Investors who own stocks or mutual funds in non-retirement accounts can benefit tax-wise from realizing capital gains or harvesting losses in a given year. Managing capital gains and losses can reduce the amount of cumulative taxes you'll pay, increasing your after-tax returns and, in many cases, allowing you to realize tax-free gains.
To do this, you have to know how capital gains taxes work, and you have to be able to estimate your taxable income each year. Managing capital gains means looking for years where it makes sense to intentionally “harvest” gains or losses depending on your projected tax bracket for that year. Harvesting means pretty much what it sounds like—you're gathering up your gains and/or losses to use them at a time when it's most advantageous for you to do so.
Short-Term vs. Long-Term Capital Gains
Capital gains are either short term or long term. Long-term gains occur if you sell an investment for a profit after you've owned the investment for more than one year. Long-term capital gains and qualified dividends are taxed at a lower tax rate than other types of income, such as earned income or interest income. Most people pay a capital gains rate of 15%, but those who earn less than $40,400 in the 2021 tax year ($80,800 if married filing jointly) won't pay any taxes on long-term capital gains.
Short-term gains are profits realized on the sale of an asset you've owned for less than a year—these are taxed as regular income, so the exact rate will depend on your income and tax bracket.
How Capital Losses Can Help
Capital losses, as the name suggests, occur when you sell an investment at a loss instead of a profit. Capital losses are first used to offset any short-term gains on your tax return, then they can offset any long-term gains you might have. Up to $3,000 of a loss can be used to offset ordinary income if you have more losses than gains, and any remaining losses can be carried forward to offset income in future tax years.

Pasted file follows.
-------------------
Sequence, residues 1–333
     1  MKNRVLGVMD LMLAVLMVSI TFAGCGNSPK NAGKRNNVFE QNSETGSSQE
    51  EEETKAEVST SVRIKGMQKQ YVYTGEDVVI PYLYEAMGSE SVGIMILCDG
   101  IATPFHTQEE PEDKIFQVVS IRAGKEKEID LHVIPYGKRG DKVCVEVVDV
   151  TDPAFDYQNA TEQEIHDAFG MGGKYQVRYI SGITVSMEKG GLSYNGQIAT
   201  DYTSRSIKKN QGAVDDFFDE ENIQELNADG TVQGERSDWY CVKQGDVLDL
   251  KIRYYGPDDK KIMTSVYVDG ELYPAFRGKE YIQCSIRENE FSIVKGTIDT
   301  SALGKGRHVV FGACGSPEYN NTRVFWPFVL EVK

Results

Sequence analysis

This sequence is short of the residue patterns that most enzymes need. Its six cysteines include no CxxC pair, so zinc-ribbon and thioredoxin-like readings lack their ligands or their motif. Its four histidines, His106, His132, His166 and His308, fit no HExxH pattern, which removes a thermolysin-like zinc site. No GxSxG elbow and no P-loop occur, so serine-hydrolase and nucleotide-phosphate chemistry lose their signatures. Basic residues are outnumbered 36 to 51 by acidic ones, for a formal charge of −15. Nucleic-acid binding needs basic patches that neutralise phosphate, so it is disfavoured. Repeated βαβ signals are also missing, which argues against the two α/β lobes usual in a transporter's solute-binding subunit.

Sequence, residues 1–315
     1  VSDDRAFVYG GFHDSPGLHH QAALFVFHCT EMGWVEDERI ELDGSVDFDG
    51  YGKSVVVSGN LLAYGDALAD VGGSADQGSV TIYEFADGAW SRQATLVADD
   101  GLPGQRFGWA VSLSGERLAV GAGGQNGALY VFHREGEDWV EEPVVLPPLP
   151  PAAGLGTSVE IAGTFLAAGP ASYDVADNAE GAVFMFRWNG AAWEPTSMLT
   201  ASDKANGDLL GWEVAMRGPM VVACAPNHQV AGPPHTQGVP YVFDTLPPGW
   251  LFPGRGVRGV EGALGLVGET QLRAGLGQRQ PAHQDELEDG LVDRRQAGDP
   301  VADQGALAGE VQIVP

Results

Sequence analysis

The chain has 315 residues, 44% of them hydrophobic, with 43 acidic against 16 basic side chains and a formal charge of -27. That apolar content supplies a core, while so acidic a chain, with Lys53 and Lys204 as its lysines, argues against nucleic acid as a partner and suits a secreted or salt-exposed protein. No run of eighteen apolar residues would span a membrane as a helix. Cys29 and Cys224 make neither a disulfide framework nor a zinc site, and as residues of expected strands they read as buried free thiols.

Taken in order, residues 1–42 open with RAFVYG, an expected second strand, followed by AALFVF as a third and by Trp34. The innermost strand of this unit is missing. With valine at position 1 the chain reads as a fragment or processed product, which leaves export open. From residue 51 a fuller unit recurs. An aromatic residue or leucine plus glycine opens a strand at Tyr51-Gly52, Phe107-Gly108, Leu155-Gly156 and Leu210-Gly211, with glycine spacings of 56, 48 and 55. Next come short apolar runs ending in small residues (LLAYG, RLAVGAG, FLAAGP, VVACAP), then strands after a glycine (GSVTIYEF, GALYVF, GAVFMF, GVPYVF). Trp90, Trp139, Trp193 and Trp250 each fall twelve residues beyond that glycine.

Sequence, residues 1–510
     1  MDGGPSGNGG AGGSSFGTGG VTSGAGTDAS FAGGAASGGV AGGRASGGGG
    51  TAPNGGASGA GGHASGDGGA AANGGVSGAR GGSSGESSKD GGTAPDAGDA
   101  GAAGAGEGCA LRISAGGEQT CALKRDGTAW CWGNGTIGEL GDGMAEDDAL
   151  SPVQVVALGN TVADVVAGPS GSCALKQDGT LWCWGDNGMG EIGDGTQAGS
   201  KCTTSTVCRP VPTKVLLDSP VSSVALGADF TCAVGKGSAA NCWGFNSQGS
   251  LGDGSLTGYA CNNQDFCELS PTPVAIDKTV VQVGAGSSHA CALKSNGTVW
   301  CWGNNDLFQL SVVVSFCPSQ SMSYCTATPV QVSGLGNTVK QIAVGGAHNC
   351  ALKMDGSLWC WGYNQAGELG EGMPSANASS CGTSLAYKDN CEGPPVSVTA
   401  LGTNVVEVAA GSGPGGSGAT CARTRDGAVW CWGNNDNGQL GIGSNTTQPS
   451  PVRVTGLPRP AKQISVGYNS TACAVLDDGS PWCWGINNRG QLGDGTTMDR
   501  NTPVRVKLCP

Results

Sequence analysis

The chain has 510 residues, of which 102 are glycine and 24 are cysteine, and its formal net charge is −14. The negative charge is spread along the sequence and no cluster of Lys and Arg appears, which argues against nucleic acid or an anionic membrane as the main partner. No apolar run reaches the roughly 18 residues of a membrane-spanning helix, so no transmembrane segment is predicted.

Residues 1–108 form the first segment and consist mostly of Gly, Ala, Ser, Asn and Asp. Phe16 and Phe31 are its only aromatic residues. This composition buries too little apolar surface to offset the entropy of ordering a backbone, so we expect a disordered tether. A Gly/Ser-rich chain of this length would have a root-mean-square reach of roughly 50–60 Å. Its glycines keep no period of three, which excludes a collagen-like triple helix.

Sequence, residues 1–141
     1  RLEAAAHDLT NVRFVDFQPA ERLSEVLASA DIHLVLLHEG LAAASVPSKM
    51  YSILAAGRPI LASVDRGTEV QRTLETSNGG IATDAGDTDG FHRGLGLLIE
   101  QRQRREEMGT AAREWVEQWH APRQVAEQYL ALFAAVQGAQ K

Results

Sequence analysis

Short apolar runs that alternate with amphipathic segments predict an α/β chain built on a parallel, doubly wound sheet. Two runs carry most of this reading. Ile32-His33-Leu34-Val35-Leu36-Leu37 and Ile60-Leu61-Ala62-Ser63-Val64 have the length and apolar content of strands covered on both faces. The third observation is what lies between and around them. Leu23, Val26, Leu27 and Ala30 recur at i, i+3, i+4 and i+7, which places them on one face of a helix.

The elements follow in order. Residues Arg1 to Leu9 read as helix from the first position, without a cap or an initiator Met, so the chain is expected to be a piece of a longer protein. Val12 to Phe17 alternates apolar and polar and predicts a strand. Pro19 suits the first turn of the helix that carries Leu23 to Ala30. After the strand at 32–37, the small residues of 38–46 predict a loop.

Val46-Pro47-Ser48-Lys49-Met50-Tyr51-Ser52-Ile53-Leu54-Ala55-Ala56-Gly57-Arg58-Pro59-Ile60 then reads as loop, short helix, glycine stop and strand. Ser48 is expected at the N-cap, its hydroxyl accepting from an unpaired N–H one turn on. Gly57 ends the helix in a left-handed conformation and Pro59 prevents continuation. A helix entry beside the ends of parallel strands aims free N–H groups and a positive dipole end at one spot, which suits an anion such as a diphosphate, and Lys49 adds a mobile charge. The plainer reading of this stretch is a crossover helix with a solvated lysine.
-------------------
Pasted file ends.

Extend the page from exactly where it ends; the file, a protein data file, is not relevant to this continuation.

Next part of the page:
Using the Rules to Your Advantage
If your annual income level is low enough to qualify for the 0% tax rate on capital gains, you'll want to realize as many long-term capital gains as possible—up until the point when more gains would push you into a higher tax bracket (causing the 15% capital gains rate to kick in). This is called “harvesting” capital gains.
In years where your income is high and you have no capital loss to carry forward, you can intentionally sell investments that may be down in value so you can realize the capital loss for tax reasons.
If you have capital losses that are being carried forward, you might want to avoid realizing gains and use those capital losses to gradually offset ordinary income—such as your wage earnings from employment. This means you'll have to choose tax-efficient investments in your non-retirement accounts. Your best choices will be tax-managed funds or index funds.
Protect Your Retirement Income
You'll have to know the current tax rates to use these rules, and you'll want to do a tax projection each year before the end of the year so you know where you stand and what you need to do. A tax projection is a rough-draft tax return that estimates everything you think will show up on your tax return.
By using an investment approach that consistently pays attention to taxes, you can potentially keep more of what you earn and thus increase your after-tax retirement income. One possible way to do this is to rearrange investments in such a way that you own more interest income-producing investments (like bonds and bond funds) inside your retirement accounts and more capital gains-producing (like stocks and stock-index funds) investments inside non-retirement accounts.
The Balance does not provide tax or investment advice or financial services. The information is being presented without consideration of the investment objectives, risk tolerance or financial circumstances of any specific investor and might not be suitable for all investors. Past performance is not indicative of future results. Investing involves risk including the possible loss of principal.